Due to the Apple SDK constraints on developers of iPhone software, data exchanges with your phone is limited to email and local area network connectivity.
Some iPhone applications such as “Files” allow you to import and read your Word, Excel, and PDF files from your desktop computer to your phone, and move that data to the iPhone by establishing a wireless connection between the phone and desktop over a LAN.
Whenever your iPhone’s “Wi-Fi” mode is turned on in your Settings panel, the phone requests a LAN IP Address in order to communicate with other nodes on the LAN. It does this via the DHCP server built into virtually all broadband routers, and almost every software solution like Microsoft’s Internet Connection Sharing (ICS).
DHCP Servers automate the process of setting up the 'IP Schema' of your home network. When a Wi-Fi device is turned on, it seeks a DHCP server on the network and gets a 'dynamic' IP address. Each time a wireless device is turned on, it could get a different IP address depending on a bunch of other factors.
The most popular IP address schema for home networks is 192.168.x.x (often 192.168.10.x or often 192.168.1.x). Routers and other internet sharing solutions are usually positioned as the first IP address in the schema – such as 192.168.10.1.
Normally you don’t need to worry about what a computer’s IP Address is on a LAN, as the connectivity is all handled automatically for you, but when using a File Sharing application such as “Files,” it requires you to connect from your desktop to your iPhone over the LAN. To do this you need to know the network IP address of the phone.
When you start the “Files” application it does advise you of the phone’s IP Address but to connect you must have set up your Windows computer (this is not an issue on Macs as Bonjour manages the connectivity and allows you to use the alias of iPhone.local:8080/) ahead of time by creating a “network connection” or by “mapping a network drive” to the iPhone’s IP address.
Unfortunately every time the iPhone reattaches to your network it may be assigned a new dynamic IP Address, which requires you to go thru this mapping process all over again.
To prevent this confusion, you want to give your iPhone a nice stable Static IP Address on your network, so that it always remains the same. Then you can map it as a Network Drive (the highlighted drive in the local drives window) and keep it on your desktop for easy access.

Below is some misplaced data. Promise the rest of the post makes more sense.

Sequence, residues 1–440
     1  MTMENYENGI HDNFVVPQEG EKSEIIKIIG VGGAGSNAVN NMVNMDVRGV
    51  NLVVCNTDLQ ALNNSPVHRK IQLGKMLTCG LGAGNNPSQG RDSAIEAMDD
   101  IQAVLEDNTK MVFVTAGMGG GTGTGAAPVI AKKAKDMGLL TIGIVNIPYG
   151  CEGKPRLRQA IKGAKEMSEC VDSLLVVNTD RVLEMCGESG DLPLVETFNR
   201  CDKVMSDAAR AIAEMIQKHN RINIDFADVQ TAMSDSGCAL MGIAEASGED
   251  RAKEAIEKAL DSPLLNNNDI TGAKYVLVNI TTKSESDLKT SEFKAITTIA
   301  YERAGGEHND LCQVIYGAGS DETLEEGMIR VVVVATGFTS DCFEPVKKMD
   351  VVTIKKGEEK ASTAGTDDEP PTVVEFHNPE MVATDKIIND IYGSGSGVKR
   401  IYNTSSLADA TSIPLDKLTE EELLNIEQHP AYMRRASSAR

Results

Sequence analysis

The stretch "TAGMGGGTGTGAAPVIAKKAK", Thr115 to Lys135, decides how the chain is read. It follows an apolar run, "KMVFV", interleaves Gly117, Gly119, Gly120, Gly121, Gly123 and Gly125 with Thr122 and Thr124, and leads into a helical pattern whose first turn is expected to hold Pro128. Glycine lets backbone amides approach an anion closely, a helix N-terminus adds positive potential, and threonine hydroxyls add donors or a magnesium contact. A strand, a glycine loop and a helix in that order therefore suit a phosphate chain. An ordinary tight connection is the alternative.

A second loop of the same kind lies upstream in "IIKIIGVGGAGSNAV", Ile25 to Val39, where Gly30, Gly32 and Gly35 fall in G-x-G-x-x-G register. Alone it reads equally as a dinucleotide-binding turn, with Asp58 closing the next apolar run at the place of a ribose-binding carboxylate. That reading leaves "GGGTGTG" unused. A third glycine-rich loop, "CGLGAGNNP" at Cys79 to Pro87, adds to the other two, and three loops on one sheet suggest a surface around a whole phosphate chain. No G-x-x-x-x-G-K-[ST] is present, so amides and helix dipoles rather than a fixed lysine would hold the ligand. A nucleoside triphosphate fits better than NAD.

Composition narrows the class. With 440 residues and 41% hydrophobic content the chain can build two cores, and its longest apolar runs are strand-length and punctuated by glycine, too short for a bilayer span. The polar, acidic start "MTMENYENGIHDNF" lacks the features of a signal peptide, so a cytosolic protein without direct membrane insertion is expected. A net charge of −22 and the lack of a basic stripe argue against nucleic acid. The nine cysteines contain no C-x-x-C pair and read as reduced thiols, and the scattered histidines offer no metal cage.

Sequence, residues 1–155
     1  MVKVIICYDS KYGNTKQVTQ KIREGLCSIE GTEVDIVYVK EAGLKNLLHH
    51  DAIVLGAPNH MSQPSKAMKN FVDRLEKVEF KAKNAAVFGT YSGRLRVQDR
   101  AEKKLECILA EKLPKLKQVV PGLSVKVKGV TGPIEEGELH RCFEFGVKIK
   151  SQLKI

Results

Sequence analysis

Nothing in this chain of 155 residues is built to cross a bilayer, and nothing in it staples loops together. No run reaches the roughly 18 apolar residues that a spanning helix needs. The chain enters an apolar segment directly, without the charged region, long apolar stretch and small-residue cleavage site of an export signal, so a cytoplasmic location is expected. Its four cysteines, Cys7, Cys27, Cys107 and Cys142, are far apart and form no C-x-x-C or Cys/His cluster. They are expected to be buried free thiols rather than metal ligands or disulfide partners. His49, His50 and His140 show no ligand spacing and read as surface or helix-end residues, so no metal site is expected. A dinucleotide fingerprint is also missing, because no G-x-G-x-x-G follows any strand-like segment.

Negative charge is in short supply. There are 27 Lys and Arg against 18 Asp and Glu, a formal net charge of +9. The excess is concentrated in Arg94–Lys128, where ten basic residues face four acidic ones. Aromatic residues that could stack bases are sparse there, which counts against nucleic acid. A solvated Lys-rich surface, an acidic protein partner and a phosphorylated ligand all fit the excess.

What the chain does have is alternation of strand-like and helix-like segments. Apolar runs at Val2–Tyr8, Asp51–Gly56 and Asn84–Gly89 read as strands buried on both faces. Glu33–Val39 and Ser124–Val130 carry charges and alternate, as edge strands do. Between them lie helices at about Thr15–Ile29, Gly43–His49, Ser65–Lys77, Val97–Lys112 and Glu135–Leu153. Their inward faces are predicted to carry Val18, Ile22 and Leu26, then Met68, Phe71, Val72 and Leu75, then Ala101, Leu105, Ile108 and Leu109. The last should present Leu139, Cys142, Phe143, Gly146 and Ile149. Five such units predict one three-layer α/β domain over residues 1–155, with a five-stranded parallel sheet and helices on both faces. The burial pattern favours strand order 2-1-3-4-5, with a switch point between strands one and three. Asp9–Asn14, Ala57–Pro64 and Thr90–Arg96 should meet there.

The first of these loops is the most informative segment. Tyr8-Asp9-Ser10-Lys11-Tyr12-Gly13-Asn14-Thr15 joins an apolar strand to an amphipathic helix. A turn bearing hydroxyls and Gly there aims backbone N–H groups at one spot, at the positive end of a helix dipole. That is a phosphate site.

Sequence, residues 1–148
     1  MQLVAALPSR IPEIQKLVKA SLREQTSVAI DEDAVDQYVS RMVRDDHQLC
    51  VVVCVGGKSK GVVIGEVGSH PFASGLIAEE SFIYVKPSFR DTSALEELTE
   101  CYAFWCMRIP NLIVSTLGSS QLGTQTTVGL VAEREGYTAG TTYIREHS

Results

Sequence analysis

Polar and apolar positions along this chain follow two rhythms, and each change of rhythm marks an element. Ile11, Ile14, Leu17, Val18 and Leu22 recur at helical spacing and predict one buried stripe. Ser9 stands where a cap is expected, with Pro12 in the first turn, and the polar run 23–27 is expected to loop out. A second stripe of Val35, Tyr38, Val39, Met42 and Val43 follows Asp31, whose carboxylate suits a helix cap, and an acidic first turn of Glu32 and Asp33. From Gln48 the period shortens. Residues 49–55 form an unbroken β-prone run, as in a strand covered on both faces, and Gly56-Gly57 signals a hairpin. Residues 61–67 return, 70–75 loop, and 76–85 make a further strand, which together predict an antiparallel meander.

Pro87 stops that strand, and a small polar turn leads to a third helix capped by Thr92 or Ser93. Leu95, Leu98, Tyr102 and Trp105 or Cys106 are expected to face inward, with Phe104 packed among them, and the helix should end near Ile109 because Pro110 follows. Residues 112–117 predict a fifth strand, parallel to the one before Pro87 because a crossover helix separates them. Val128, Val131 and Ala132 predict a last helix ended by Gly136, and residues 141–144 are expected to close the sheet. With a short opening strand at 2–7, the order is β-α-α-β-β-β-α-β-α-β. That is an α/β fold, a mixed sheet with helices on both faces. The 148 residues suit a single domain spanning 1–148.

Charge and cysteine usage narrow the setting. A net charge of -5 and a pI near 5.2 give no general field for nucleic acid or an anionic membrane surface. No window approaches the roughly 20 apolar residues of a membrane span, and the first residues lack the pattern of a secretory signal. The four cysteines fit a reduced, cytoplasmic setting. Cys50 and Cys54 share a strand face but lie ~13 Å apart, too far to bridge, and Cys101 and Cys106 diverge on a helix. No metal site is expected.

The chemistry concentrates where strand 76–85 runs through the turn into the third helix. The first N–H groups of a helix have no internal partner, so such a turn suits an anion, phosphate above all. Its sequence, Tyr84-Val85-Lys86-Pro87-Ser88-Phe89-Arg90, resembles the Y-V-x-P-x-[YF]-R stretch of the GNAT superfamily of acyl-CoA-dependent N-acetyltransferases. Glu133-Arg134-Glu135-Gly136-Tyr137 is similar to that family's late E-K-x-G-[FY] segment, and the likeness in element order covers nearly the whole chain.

To do this, you must Open your router's administration page and configure the built in DHCP server. Each router will be a little different and may have different capabilities.
The following example uses a LinkSys wireless router, but others will be similar.
On your Router’s Wireless Setup page you should find a button that allows you to configure the router’s DHCP Server (at the cursor in the image below)
This will open up an Address configuration page that shows what devices are currently connected to your LAN (upper portion of image below).
In this example, the iPhone was automatically assigned an IP Address of 192.168.1.101 on my network. The next time it was connected it may have been a “102” or “103” etc depending on whether other computers on the network were turned on before the iPhone was.
To “freeze” the phone’s IP Address we need to use the “Add Clients” feature. Enter the desired name (iPhone), an IP Address for the phone (I used 192.168.1.100 as it was nicely in my normal address range and was not currently assigned in te DHCP table above. Note in the Router Setup Page image above that my network’s Starting Address Range for DHCP assignments is at x.x.x.100, so my network devices normally fall in the 100-105 range.)
An even better approach would have been to use a static address for the iPhone that was outside the normal dynamic range. Thus x.x.x.90 or x.x.x.120 would have worked and I would not have had to worry if the address was already assigned in the dynamic reservation table.
Note when you manually assign the IP Address, you must also correlate it with the hardware MAC Address (which is built into and unique to each piece of hardware). The easiest way to get this is by having your iPhone connected to the LAN before you start working on the Router tables. The phone’s MAC Address is then available in the DHCP Reservation table (middle item) for you to use.
Enter this in the Manually Added Client table, click the “Add” button and be sure to scroll down the window and click on the “Save Settings” button that will normally be at the bottom of your Router’s configuration page.
Now turn off your iPhone’s Wi-Fi in the Settings window, then turn it back on. This should force the phone to get a new LAN connection using the new static IP Address.
You can now easily setup the iPhone as a Network Drive on your desktop computer and now conveniently move files back and forth without determining what the (possibly changed) LAN (IP) Address of the phone is every time, as exampled in the Network Drives (2nd) image of this post.